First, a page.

Next shot neutral exposure. Sky is a bit overexposed, foregrounds still too dark.

Final shot 2 stops over exposed. Sky completely blown out, foreground perfect!

Then combine using HDR software to produce an image with huge DR!  Many choices available (Photomatix, Aurora HDR). They’re all similar in quality. The best choice ironically is free, Lightroom(use auto-align feature, turn off auto settings). It keeps the resulting image in RAW format (the others return an inferior TIFF image).  You’ll need to use clarity, dehaze, clarity black point and other sliders to tweak the final image.

Lightroom HDR photo.  Needs additional tweaking.

After edits.  looking awesome!

Which method best?

  • Grads require almost no work in post processing.  They are expensive however, a pain to set up and don’t work well with complex site lines (like mountains).  Great option for beginners who aren’t yet comfortable behind a computer.
  • HDR software.  Works great in most situations, except brilliantly colored sunrises/sunsets (tends to get wonky look skies).
  • Exposure blending in Photoshop.  The only way to go for red skies.  Also a great option for coastal shots with exploding waves.  Take on shot for the sky another to capture the perfect wave explding over a rock.

Now go out there and get some bomber images!  Wooooooo.

 

Fall foliage in the Rockies!

People frequently ask me “how” do I get “those shots.” Some inside scoop, specifically for leaf peeping, follows.

Basically, to get good fall color, you first gotta get there “at the right time.” Unfortunately, in the Rockies, it’s almost impossible to predict when the fall color will explode. You’re typically looking for that crazy 7-day period when the lights go “on.”

Unfortunately, the variability of summer rain, fall temps, and big wind storms (that can strip the trees bare) all make predicting pretty much impossible. Meaning I plan very last minute and start driving in when it’s “just right”.

So getting there is half the battle. The other half is catching great light and even better, an overnight snowstorm before the leaves disappear. You want just the right amount of clouds to catch the early morning rays or sunset. Clear blue skies suck!

Every once in a while, I get lucky. Got up early to catch this shot after it snowed all nite. Was this view visible from the road? Nope. That’s where the drone comes in.

Drones have become a leading edge tool to grab unique shots from vantage points previously requiring a helicopter. Kind of the new frontier for adventure photography.

Some other shots taken in flight. BTW, I use a DJI Mavic 3 Cine as my UFO.

That’s not to say, I’m not willing to go low. This photo was taken about 2 inches off the ground. For our photobugs out there, it’s actually two images blending together. One focused in on the nearby leaves, the other focused on the further away trees. I used a small aperture (F22) to create the Sunstar.

I used the same technique below (focus stacking) to get the nearby leaves in sharp focus (shot 1) and then focus out long for the mountain (shot 2).

Ok, now for getting rainbows. When I see it raining, but there’s a clear sun sky behind me, I start looking around!

What makes a great woodland shot? Occasionally, you chance upon some very white, large-diameter Aspens with the foreground covered in ferns. Yellow fever!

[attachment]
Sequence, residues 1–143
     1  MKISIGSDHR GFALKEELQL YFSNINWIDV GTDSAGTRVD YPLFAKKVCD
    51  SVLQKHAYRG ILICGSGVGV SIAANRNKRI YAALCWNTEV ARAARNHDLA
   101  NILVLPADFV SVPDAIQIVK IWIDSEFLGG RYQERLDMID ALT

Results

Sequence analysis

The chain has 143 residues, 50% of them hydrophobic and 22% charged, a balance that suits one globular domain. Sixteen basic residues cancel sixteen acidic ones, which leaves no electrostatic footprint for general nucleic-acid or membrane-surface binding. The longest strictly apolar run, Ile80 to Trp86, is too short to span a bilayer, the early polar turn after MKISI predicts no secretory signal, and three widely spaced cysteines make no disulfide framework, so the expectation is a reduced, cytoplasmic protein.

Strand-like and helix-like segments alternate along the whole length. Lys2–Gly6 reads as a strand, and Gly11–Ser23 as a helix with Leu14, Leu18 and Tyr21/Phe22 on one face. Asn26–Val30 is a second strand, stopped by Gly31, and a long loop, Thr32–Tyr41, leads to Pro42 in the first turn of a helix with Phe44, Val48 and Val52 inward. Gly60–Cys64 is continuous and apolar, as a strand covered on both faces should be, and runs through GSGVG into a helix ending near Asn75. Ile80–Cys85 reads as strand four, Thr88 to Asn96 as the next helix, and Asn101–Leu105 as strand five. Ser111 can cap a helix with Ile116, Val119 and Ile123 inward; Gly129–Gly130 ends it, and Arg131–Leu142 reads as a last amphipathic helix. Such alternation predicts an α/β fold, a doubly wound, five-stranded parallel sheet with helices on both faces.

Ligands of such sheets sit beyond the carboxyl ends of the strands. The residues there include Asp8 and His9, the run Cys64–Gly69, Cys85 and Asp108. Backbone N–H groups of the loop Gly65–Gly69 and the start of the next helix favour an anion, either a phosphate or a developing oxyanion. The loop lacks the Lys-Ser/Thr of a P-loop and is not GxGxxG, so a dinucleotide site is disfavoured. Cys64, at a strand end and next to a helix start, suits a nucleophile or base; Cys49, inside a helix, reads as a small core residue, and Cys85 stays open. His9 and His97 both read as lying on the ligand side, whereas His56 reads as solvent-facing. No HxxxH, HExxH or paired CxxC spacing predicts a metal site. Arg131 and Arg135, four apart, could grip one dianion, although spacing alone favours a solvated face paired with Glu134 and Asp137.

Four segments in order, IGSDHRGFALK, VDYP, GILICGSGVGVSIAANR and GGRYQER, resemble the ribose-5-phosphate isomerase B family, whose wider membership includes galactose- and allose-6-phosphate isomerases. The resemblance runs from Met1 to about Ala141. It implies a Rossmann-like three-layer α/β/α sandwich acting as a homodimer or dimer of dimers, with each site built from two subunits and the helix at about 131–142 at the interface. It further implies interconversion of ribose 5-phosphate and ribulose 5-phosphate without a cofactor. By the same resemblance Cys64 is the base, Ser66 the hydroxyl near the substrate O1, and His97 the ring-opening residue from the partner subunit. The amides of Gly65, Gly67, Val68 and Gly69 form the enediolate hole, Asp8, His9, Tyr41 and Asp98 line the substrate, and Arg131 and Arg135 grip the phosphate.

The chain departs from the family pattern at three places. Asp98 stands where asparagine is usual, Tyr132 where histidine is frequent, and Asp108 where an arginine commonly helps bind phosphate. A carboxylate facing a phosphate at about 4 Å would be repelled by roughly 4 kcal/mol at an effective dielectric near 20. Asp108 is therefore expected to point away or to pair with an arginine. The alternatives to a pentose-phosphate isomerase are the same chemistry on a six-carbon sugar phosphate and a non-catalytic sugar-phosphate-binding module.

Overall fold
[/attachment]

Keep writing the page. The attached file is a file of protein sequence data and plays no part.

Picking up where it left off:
Let’s not forget the wildlife!

No, not the moose, the Holstein(or whatever). I was standing about 8 ft from that girl. Actually taken with my iPhone. BTW, I was not close to the moose. Don’t have a death wish. Taken with a big telephone lens.

Finally, it doesn’t hurt to be tenacious. I’ve been trying to get a great shot of Mount Crumpet (Rabbit Ears) for years.  Some Steamboat buddies, helped me find the right vantage point (thanks to the Clarks!). Finally got all the elements together. Great sky, changing trees & hint of sunlight on the mountain.

Oh, yes…how to get a good photo of a lake? Two things really help. Go when it’s dead still, so the lake becomes a mirror. II: Have a great sky. The sky becomes the main event!

Check out the link below to see the full gallery. https://www.snitzerphotos.com/Other/Galleries/Fall-in-the-west-2022/n-rrc2QX/

Norway: Snitz in the land of the Midnight Sun

“What’s the best location you’ve ever photographed?”. I get asked that a lot! Usually, I look stumped and can’t answer. Now I can; the Western Coast of Norway.

Part of my attraction is the scenery. You have vertical peaks jutting out of an endless supply of lakes. You find yourself driving from one fjord to another, through an amazing system of tunnels as you pass under mountains to successive bomber views. Nuts! Along the way, every 5-10 minutes, you pass a quaint fishing village.

BTW there are zero billboards and practically no stop lights. Just unspoiled postcard views.

But that’s not the most compelling part.

It’s the light! Located very far North (further than most of Alaska) in late summer, it never gets dark. The sun sets around 11 pm and comes up again around 3 am. During that time the sky can stay red for hours. Sunsets and sunrises never seem to end. Magic for a photographer.

And amazing hiking? Try treking up a 2,500-foot mountain at 930pm, arriving as the sun sets and seeing nobody. No crowds! Pretty surreal.

Ok, what’s the catch? Well, it typically rains every 3rd or 4th day. You can get slammed by weather. And as you may have guessed, to take advantage of this great “light” you’re staying up through the Norweigan nights (basically remaining on Central Standard Time). And yes, the food is crazy expensive (however the fish is top-notch).

My trip started in the Village of Senja, a quiet fishing village.